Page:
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Summa Summarum Mogens Esrom Larsen. Review quote " ""Throughout the book, the exposition is crisp and self-contained, and Weintraub manages to strike a very nice balance between explicit computations and abstract theory. There are a good number of exercises, and plenty of directions one could go in after reading this book. For that alone it should be rewarded, and this book has far more to offer. After explaining the main players integral domains and quadratic fields , the author proves that Euclidean rings are principal ideal domains, and that these have unique factorization.
This is followed up with a lengthy discussion of examples of nonunique factorization in quadratic rings. Learn more at Author Central. Popularity Popularity Featured Price: Low to High Price: High to Low Avg. Theory and Practice Feb 19, Available for download now. Only 3 left in stock more on the way. Only 1 left in stock more on the way. A Complement to Vector Calculus Aug 20, Galois Theory Universitext Oct 23, Available to ship in days. Only 1 left in stock - order soon. Representation Theory of Finite Groups: We envision several ways in which this book can be used.
In our investigations, we begin at the beginning, so this book is suitable for that purpose. Indeed, one of the themes of this book is that one can go a long ways with only elementary methods. Another way to use this book is for a more advanced course in number theory, and there is plenty of appropriate material here for such a course.
If this book is used as a text for a more advanced course, these appendices will serve as background. Then the Fundamental Theorem of Arithmetic states that every positive integer can be factored into primes in an essentially unique way. Note that 1 is a special case. As its name implies, unique factorization is a fundamental property of the positive integers, a property that was known to the ancient Greeks. We will prove this property, and indeed our proof will follow that of Euclid. It turns out, and we shall prove, that numbers of this form also have unique factorization. For example, we have the following factorization 1 i i i i i i i i 2 Introduction into primes for numbers of this form: Numbers of this form do not have unique factorization.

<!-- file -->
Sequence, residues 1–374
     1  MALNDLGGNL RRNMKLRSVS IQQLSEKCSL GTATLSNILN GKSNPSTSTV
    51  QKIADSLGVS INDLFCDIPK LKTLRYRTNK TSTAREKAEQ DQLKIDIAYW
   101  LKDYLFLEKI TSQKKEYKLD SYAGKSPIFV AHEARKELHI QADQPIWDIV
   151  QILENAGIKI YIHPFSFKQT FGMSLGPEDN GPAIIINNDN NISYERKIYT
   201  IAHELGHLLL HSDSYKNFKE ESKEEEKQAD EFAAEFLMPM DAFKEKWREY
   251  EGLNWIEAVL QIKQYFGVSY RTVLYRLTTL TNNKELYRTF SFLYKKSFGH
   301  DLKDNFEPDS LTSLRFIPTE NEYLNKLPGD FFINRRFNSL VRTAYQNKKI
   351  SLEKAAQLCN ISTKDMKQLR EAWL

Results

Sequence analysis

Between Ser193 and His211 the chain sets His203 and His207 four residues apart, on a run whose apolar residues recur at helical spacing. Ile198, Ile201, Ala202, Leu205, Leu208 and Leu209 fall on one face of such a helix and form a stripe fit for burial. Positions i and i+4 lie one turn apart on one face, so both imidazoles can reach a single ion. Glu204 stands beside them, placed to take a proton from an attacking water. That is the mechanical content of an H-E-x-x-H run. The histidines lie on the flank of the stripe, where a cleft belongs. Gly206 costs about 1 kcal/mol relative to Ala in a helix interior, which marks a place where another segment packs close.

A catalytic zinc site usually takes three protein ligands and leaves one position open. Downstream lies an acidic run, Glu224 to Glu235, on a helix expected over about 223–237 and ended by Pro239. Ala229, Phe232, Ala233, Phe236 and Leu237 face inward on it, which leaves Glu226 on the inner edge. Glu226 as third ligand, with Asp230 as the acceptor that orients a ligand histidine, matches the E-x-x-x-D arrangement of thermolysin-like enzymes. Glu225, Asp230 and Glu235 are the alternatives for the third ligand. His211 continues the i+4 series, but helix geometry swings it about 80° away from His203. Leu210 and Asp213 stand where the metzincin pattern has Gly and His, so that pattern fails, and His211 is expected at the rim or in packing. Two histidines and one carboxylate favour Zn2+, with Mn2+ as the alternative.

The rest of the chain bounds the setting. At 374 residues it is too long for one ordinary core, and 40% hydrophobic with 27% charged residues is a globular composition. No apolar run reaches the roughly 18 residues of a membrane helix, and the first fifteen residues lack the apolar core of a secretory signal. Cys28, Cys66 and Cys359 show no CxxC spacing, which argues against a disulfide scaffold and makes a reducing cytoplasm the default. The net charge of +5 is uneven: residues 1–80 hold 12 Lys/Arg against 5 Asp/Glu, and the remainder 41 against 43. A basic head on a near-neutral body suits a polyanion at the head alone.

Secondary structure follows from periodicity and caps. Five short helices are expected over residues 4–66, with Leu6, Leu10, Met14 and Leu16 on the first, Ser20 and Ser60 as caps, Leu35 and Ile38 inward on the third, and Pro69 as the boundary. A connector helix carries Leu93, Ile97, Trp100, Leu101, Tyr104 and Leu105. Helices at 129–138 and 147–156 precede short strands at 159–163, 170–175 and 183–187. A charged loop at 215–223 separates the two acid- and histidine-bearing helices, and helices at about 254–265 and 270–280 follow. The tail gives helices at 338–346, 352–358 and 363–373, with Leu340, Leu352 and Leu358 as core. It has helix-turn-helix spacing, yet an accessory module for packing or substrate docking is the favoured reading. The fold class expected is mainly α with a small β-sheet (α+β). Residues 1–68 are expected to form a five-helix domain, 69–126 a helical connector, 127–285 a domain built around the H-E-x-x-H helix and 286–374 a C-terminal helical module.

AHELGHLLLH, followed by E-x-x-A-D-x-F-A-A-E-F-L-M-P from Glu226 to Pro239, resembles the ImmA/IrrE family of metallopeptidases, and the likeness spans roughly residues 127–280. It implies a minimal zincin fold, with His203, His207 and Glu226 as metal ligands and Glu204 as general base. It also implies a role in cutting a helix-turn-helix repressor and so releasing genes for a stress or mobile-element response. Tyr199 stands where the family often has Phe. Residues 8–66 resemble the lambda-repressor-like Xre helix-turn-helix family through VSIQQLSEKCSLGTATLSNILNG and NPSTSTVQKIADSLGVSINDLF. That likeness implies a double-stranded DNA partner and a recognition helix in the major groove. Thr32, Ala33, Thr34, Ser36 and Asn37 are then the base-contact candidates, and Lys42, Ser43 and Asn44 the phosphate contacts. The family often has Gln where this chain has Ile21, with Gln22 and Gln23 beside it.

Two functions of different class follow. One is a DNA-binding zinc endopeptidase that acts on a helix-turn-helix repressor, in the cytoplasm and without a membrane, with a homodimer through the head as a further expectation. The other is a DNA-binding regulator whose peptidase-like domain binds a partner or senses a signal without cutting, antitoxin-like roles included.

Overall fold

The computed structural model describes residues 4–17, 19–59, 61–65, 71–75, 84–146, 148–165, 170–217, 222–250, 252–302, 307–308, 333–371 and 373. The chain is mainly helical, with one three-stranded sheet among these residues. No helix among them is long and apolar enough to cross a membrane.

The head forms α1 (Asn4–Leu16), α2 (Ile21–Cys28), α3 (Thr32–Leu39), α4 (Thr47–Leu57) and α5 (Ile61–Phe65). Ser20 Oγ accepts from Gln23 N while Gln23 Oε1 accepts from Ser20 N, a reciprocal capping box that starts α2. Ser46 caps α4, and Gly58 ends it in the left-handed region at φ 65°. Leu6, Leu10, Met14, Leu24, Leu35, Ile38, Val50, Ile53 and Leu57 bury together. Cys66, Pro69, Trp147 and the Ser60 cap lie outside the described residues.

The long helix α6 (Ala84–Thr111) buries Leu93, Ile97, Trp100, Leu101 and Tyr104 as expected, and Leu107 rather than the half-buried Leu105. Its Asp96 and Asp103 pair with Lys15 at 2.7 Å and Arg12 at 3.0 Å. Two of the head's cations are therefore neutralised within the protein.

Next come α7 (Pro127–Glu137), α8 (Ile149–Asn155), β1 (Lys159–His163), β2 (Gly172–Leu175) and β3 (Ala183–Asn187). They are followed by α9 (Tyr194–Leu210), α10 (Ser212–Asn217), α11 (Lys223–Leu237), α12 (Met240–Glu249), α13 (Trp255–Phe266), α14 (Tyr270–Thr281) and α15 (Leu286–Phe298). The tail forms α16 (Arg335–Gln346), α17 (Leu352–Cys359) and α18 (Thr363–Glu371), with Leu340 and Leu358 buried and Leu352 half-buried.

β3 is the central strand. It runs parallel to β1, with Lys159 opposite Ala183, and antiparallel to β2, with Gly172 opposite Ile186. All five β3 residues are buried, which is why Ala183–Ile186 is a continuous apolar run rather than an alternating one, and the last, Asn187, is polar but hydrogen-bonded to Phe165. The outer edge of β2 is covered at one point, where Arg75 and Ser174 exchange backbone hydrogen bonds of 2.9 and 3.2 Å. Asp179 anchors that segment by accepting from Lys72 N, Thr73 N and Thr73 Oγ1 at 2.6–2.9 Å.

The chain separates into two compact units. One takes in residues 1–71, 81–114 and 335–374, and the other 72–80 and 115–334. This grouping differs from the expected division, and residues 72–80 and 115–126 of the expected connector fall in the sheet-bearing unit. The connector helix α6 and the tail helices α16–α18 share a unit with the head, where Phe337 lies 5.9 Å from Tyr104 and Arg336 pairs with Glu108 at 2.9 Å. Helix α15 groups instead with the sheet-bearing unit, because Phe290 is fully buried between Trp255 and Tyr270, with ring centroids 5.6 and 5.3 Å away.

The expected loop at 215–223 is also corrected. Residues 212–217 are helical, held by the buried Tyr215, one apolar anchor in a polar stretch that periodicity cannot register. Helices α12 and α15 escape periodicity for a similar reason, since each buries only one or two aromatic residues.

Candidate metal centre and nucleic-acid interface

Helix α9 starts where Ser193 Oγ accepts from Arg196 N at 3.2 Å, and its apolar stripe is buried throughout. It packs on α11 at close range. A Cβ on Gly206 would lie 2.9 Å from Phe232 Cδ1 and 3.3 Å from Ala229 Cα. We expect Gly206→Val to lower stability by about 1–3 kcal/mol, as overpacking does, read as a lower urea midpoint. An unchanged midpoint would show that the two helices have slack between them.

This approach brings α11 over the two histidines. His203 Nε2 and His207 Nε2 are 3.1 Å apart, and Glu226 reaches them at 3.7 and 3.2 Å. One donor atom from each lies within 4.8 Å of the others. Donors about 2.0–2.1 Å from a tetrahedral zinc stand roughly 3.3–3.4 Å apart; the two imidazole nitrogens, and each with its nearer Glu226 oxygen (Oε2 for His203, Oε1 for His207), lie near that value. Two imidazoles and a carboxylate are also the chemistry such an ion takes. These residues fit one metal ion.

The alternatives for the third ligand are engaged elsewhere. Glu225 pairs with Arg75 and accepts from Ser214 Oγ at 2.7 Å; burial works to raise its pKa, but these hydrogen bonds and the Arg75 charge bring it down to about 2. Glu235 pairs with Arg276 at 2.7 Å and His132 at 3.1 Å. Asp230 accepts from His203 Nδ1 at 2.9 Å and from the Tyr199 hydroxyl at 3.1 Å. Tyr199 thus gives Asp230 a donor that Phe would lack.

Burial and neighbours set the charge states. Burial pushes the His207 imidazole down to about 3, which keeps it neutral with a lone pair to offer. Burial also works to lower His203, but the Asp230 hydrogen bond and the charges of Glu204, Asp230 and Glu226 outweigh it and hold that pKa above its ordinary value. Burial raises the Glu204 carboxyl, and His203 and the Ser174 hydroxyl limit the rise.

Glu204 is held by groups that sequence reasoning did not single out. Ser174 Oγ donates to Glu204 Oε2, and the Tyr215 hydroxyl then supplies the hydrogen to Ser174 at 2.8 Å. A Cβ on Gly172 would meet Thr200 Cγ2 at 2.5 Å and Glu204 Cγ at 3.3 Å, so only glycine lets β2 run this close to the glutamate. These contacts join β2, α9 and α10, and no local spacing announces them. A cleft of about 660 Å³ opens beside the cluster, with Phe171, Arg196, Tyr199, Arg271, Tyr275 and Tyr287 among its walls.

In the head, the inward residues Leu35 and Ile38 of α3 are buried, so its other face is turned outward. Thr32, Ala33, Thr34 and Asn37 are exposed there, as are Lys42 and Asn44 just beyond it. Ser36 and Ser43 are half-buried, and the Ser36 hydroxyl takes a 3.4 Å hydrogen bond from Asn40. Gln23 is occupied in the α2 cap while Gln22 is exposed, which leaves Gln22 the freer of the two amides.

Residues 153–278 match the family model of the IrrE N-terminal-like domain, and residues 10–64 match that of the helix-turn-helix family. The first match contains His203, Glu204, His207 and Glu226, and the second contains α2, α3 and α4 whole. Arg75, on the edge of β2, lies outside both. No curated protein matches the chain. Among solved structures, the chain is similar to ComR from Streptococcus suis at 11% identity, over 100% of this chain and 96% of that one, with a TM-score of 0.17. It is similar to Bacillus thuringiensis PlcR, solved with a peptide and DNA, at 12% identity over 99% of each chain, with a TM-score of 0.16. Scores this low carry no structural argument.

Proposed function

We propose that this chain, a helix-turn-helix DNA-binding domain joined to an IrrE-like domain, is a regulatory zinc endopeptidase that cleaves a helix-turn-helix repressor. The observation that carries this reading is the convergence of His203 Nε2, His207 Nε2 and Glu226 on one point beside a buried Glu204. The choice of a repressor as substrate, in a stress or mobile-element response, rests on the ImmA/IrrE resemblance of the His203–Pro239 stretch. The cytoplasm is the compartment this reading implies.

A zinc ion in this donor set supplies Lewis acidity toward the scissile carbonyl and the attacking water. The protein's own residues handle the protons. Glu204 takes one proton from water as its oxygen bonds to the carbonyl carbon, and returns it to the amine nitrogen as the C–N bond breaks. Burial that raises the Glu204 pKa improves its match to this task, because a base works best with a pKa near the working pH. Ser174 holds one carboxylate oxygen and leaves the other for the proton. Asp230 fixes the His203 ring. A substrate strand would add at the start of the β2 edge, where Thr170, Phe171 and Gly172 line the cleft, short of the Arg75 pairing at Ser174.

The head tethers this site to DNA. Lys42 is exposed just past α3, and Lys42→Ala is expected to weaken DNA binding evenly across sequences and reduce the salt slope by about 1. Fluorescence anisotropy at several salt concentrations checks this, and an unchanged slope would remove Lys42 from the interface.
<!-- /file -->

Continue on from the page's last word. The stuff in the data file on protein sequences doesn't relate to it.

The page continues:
For example, we have the following two factorizations of 6 into irreducibles: Numbers of this form also do not have unique factorization. For example, we have the following two factorizations of 10 into irreducibles: As we will see, instead of unique factorization being the norm and nonunique factorization the exception, the situation is reversed!
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It is really a very special property, though a crucially important one, of the ordinary integers that the Fundamental Theorem of Arithmetic holds for them. Here a and b are not always integers, but this is a technical point we will defer until later. Numbers of this form are called the Gaussian integers. As we i i i i i i i i Introduction 3 have remarked, in the Gaussian integers we do have unique factorization into primes, but we would like to know what the primes are.
Here we will show that the following is always true compare the factorizations above: In fact, this is closely related to a famous theorem of Fermat: Actually, we will give several proofs of this theorem. It uses a technique known as composition. It is a bit surprising that this abstract result gives such a concrete fact, but mathematics is full of beautiful surprises.
To describe our next objective, we have to get a bit more technical. The ancient Greeks considered the positive integers, but when we wish to generalize our investigations, we no longer have the idea of positivity. So we have to consider all integers. But when we do, we see that we have typical factorizations: We give a name to this situation. Then we also have the prime factorization in the Gaussian integers: In factoring numbers, we do not really care about units, but still it is an interesting question—indeed, a very interesting question—to ask what i i i i i i i i 4 Introduction the units are.
We have given the answer for the Gaussian integers, but we can ask the same question in other cases as well. But we can consider this equation for other values of D as well. Our proof is a variant of the cakravala method experimentally developed by Indian mathematicians between the ninth and twelfth centuries.